Horus-the-Child, a late form of Horus in his aspect of being son of Isis and Osiris; represented as a naked child wearing the lock of youth and holding one finger to his mouth.
A form of Horus, specifically designated son of ‘Isis’.
Goddess of many functions and attributes; represented often as a cow or a cow-headed woman, or as a woman with horned head-dress; the suckler of the king; the ‘Golden One’; cult-centres at Memphis, Cusae, Gebelein, Dendera; the patron deity of the mining-region of Sinai; identified by the Greeks with Aphrodite.
Fish-goddess of Mendes in the Delta; sometimes represented as a woman with a fish on her head.
Frog-goddess of Antinoopolis where she was associated with Khnum; a helper of women in child-birth.
The falcon-deity, originally the sky-god, identified with the king during his lifetime; also regarded as the son of Osiris and Isis, for the former of whom he became the avenger; cult-centres in many places, e.g. Behdet in the Delta, Hierakonpolis and Edfu in Upper Egypt. See also, Haroeris, Harpocrates, Harsiesis, Re-Harakhty. – Temples: Edfu Temple, Kom Ombo Temple, Luxor Temple.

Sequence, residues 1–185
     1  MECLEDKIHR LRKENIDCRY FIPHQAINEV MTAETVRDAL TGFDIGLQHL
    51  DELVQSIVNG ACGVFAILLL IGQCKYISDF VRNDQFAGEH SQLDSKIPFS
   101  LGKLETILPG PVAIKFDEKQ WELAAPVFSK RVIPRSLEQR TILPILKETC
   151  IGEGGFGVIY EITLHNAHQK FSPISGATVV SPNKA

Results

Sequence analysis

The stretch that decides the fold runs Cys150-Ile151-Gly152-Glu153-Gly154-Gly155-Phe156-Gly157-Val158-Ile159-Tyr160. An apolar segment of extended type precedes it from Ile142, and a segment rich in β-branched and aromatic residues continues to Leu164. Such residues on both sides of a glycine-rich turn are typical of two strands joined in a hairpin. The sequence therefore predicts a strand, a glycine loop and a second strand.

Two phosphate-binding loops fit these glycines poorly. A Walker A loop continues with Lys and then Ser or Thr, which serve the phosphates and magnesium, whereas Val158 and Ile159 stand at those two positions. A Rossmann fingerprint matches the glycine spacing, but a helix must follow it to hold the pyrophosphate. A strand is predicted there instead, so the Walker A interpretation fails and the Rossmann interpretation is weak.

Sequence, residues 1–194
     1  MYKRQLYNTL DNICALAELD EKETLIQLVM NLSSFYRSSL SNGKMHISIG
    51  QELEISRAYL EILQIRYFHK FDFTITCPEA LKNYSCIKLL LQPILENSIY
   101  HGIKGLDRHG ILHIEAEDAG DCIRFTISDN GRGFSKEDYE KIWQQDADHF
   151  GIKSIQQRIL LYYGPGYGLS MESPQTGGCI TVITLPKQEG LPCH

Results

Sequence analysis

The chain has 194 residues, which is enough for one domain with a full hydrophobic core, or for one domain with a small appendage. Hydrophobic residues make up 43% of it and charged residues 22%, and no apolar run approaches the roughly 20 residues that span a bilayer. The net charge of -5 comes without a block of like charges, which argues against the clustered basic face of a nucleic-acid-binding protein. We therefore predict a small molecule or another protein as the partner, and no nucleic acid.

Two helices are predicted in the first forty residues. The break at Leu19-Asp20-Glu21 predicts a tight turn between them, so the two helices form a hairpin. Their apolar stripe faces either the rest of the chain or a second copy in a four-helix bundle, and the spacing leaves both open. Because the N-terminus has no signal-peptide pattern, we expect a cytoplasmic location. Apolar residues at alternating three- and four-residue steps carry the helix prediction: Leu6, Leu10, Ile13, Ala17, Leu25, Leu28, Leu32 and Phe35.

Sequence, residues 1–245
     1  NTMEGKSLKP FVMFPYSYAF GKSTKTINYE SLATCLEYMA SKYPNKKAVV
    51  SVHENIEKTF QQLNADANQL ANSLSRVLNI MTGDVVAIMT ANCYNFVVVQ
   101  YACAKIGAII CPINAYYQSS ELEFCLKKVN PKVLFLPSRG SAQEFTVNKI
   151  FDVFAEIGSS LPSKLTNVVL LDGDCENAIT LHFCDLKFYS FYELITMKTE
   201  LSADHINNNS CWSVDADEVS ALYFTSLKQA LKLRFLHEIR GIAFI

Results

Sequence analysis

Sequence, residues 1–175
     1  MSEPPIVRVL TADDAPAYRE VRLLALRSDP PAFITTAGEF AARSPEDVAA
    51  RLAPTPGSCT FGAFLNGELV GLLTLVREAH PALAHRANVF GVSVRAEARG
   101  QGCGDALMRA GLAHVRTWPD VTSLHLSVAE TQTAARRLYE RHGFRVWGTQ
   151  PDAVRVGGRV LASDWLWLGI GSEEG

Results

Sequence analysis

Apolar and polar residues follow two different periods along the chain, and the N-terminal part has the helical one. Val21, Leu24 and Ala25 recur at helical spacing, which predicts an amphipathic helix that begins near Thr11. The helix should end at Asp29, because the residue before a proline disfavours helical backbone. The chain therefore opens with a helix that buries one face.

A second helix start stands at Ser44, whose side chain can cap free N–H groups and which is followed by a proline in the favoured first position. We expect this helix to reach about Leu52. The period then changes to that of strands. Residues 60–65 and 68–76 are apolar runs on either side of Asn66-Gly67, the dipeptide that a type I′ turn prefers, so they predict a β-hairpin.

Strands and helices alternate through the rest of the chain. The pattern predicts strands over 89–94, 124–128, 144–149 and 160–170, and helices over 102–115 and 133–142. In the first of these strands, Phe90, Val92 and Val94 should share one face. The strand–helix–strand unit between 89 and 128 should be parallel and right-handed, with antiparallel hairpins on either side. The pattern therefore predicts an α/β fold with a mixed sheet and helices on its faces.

The deified chief minister of Djoser and architect of the Step Pyramid; in the Late Period venerated as the god of learning and medicine; represented as a seated man holding an open papyrus; equated by the Greeks with Asklepios.
The divine mother, wife of Osiris and mother of Horus; one of the four ‘protector’-goddesses, guarding coffins and Canopic jars; sister of Nephthys with whom she acted as a divine mourner for the dead; in the Late Period Philae was her principal cult-centre.
The scarab-beetle god, identified with Re as a creator-god; often represented as a beetle within the sun-disk.